A cross-tracks Romeo and Juliet story, set among south London rappers, “Life & Lyrics” has plenty of the latter but is a tad short on the former. Slickly mounted production, wallpapered with hip-hop music from beginning to end, largely gets by on technique, disguising a thin script and, apart from newcomer Louise Rose, only adequate perfs. With a heavy push, this could scare up some business among target auds but isn’t strong enough to cross over to a broader demographic.
The Romeo here is Danny, played with an easy charm but not much oomph by Ashley Walters, better known in the music world as Asher D, from the London hip-hop collective So Solid Crew, and in the film world for his lead perf in “Bullet Boy.”
Danny works by day in a specialist record store and by night as a club DJ, meanwhile dreaming of being a music producer. He’s also de facto head of Motion Crew, a group of rappers that includes best friend Fable (Christopher Steward), bearded Preach (Akemnji Ndifornyen), sassy Sista Twista (Cat Simmons) and token whitie Blitz (Beau Baptist).
The Juliet is Carmen (Rose, formerly lead vocalist in girl band Precious), whom Danny falls for in the street one day. A middle-class, well-educated young woman with a good singing voice, she’s taken to studying law instead of pursuing a musical career.
As Danny and Carmen gradually get acquainted, Carmen is urged by Money Man (Karl Francis) to switch her career to singing, and to perform with Money Man’s group, Hard Cash Crew, at an upcoming competition. The fact that she’s the cousin of Money Man’s right-hand man makes it hard to refuse.
However, Hard Cash Crew is the bitterest rival of Motion Crew, and Danny’s relationship with Carmen is already putting a severe strain on his friendship with Fable. Everything comes to a head at the Mic Masters finals.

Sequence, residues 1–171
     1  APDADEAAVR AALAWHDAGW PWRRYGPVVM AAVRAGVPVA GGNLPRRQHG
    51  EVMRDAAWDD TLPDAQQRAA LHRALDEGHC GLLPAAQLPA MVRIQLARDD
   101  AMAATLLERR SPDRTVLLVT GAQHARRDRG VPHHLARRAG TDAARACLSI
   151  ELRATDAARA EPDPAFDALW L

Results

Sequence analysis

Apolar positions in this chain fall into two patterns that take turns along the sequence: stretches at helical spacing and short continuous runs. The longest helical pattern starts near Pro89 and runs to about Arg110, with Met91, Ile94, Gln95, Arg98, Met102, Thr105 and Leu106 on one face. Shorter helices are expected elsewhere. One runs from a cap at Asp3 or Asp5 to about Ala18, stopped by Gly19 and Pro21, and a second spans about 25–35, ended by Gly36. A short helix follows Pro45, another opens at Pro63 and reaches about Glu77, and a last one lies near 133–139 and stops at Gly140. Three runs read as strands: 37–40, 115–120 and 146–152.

Thanks to burnished, widescreen lensing by John Daly, and the mobile but not rushed cutting of Tracey Wadmore-Smith, pic gives impression there’s more going on onscreen than there actually is. Despite the luminosity of Rose’s looks, and some other colorful characters, the dialogue is weak and the storyline simplistic to an un-dramatic degree.
For starters, there’s no sense of the two music groups’ rivalry, nor any tension generated by it. And apart from a neatly staged but very token backstory given to Fable — who tracks down his white mother — none of the characters, including the two leads, have any depth.
This won’t matter to auds familiar with the main actors and in tune with the U.K. rap scene. But even they may balk at one sequence where Danny and Carmen both take a London tour bus past the Houses of Parliament and over Waterloo Bridge. Pic feels like a sanitized, London-set hip-hopper largely made to appeal to foreign viewers, without too much Anglo grunge getting in the way.
For the record, original director Lexi Alexander was replaced just before principal photography started by current helmer Richard Laxton, making his feature bow after a dozen years in TV.